Sinclair aims to provide local TV news on the go

The head of Sinclair Broadcast Group has a definite idea about television's future: It will be a mobile medium. And he doesn't need industry research to tell him so.

David D. Smith, president and chief executive of the Hunt Valley-based broadcaster, recalls an experiment he conducted during a trade show: He set a portable TV down in a bar and then watched as people gathered around, asking where they could get one.


"People who say they won't watch are the same people who said they wouldn't use a cellphone," Smith said of mobile TV.

A lot of people, Smith and other broadcasters believe, will change their minds once they get their hands on the new technology.


"Look at people riding the subway or walking on the street," said Dennis Wharton, a spokesman for the National Association of Broadcasters. "People are looking down at a mobile device that features content. We want live, local TV to be part of that and part of the programming."

Once the technology catches on, Smith said, "it means we'll be able to talk to people all the time, everywhere and not be confined to the house."

Mobile digital television technology, which sends signals to cellphones, laptops or mobile devices, is still in the test phase and at least a year away from being available in the marketplace, industry experts say.

It is unclear how much advertising revenue Sinclair and other television station owners can expect from the emerging technology. But it's not surprising that the 25-year-old Sinclair, which reported $648 million in net revenue last year, has been an early proponent of mobile TV, analysts say.

The expanding company, which owns or programs 74 stations in 45 markets, including WBFF Fox 45 in Baltimore, has typically taken an industry lead in developing new sources of revenue, analysts say. As a result, the company has emerged from the recession in better shape than many competitors.

"They are always trying to push the envelope in terms of embracing new technology and making sure broadcasting stays relevant," Wharton said of Sinclair.

Despite economic and advertising volatility over the past year, the company has stepped up its pace of acquisitions, and its stations — affiliates of Fox, ABC, MyTV, CW, CBS, NBC, NTN and Azteca — now reach more than a quarter of the television viewers in the United States.

As one of the first broadcasters to demand "retransmission" fees from cable companies such as Comcast, Sinclair has developed a revenue source that now accounts for about one-fifth of its broadcast revenue, or nearly $120 million, estimated Edward J. Atorino, a New York-based analyst with The Benchmark Company LLC. Cable companies pay the fees to carry Sinclair channels.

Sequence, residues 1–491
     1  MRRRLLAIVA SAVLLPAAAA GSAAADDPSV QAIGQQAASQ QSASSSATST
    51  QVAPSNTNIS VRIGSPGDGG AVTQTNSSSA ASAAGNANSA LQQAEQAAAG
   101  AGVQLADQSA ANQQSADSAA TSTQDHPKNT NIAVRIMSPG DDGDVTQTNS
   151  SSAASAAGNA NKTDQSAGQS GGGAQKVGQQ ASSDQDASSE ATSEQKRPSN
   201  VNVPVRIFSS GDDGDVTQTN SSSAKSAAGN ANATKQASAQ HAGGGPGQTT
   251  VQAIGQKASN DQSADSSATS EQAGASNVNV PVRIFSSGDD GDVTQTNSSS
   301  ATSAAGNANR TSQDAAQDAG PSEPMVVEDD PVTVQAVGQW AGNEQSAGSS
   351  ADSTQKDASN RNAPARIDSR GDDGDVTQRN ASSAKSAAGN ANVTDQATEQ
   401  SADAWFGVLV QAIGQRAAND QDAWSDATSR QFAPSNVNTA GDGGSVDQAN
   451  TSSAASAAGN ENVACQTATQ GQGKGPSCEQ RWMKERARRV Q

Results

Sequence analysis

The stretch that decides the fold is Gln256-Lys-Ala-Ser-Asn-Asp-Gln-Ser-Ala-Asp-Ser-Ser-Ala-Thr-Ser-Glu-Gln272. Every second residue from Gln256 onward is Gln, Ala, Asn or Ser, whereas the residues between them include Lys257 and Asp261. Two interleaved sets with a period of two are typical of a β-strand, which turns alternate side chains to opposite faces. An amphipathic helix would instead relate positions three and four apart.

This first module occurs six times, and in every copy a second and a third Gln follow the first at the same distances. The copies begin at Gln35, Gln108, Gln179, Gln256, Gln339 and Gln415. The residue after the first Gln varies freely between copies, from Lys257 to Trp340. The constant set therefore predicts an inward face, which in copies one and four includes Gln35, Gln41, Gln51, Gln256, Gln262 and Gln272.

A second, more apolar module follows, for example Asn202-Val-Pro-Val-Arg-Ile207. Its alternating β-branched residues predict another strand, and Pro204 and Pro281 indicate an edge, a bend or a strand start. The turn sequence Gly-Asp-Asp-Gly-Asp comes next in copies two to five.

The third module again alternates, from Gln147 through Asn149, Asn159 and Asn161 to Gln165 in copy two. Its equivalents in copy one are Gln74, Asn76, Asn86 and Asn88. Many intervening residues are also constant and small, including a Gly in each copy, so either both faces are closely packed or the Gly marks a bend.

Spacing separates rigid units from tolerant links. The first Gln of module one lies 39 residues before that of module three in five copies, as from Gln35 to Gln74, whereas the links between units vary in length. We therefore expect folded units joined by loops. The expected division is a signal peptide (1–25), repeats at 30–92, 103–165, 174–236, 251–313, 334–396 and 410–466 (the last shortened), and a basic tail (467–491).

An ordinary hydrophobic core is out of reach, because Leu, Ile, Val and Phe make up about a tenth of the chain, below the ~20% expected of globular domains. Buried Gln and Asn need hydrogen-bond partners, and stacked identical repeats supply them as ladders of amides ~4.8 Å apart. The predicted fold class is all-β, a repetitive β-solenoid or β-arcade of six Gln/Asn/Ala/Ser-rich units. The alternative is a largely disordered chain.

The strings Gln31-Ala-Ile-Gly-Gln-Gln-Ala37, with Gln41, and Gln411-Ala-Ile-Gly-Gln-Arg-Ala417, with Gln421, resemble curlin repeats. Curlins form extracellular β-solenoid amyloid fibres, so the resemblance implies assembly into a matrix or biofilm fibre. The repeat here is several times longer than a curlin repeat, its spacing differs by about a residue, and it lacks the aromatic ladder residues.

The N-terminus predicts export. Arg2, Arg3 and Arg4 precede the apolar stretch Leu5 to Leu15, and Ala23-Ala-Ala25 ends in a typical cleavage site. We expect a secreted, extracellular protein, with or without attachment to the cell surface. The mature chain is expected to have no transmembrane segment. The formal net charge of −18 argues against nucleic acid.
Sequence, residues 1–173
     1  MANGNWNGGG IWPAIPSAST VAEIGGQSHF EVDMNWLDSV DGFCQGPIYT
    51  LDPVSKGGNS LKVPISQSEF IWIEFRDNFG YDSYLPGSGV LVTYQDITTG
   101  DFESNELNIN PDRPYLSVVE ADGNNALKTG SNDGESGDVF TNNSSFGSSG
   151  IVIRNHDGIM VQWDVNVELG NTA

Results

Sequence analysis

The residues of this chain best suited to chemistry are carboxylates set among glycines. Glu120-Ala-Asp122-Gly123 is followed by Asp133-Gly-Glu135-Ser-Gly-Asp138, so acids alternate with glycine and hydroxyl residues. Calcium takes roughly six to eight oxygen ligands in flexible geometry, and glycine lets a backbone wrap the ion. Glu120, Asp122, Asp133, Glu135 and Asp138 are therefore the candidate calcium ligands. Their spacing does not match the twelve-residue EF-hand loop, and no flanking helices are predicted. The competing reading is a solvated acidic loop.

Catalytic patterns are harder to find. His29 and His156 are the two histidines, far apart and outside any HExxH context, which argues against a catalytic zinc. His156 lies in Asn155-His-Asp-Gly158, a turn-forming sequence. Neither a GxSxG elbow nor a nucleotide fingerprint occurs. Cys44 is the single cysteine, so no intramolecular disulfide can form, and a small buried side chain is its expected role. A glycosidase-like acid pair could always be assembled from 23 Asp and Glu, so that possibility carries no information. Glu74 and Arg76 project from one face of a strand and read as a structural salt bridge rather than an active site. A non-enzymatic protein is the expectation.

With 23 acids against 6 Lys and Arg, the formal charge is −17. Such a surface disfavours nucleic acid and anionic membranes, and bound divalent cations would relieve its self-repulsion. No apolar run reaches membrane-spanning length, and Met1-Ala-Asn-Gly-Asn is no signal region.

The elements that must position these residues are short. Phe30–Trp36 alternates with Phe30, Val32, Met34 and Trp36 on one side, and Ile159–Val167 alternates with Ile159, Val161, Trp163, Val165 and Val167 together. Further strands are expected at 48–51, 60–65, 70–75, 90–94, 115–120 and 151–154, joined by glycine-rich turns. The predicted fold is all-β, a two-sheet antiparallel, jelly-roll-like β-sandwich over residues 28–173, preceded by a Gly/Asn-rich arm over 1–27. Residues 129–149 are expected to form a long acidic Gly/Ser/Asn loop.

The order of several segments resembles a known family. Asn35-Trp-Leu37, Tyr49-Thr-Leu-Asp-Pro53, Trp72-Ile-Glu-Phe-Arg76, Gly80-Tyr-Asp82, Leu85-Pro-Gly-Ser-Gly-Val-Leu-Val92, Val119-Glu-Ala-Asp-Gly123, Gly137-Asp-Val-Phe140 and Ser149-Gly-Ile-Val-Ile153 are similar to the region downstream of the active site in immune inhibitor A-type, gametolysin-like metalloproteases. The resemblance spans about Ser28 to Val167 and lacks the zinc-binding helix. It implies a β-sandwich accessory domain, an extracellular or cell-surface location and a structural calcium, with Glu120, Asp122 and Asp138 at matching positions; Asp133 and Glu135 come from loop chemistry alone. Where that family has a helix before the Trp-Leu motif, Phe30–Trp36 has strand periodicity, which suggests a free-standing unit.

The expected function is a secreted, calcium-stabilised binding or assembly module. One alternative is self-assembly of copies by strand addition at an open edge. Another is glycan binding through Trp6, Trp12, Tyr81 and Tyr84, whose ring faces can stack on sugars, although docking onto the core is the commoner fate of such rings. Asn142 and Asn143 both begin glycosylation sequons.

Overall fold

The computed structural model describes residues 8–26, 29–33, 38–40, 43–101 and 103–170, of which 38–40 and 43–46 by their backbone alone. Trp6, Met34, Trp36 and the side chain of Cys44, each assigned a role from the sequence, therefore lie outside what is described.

Sinclair is a founding member of the Open Mobile Video Coalition, an alliance of commercial and public broadcasters with about 1,000 stations that are researching mobile TV technology and business models, Wharton said. The coalition is working with MetroPCS, a cellphone carrier that has agreed to be part of the rollout. Samsung and LG, among others, have invested in the technology.

The goal, Wharton said, is to start bringing mobile TV to the marketplace within the next year or so, offering local, live production of news, weather, sports and entertainment 24 hours a day.

"The future of broadcasting is to be on as many platforms as possible and to be where the people are, whether that's on smartphones, on laptops or in the back seats of cars, and also in the home, obviously, because there's still a tremendous amount of viewership in the home," Wharton said.

But the signal will take some tuning.


"One of the big problems is the distribution — who's going to be the middle man between the broadcaster and your phone," Atorino said. "Sinclair is ready, but unless the market really takes off, there will not be an impact for a long time."

The technology is already available to enable broadcasters to transmit signals to mobile devices, but the new devices would need receivers and chips installed to process and show the video.

Technical issues aside, it is really more the complex business arrangements that would need to be established between sometimes competing interests — the owners of the programming, the broadcasters, wireless carriers and mobile device manufacturers — before the technology can be viable in the marketplace, Atorino said.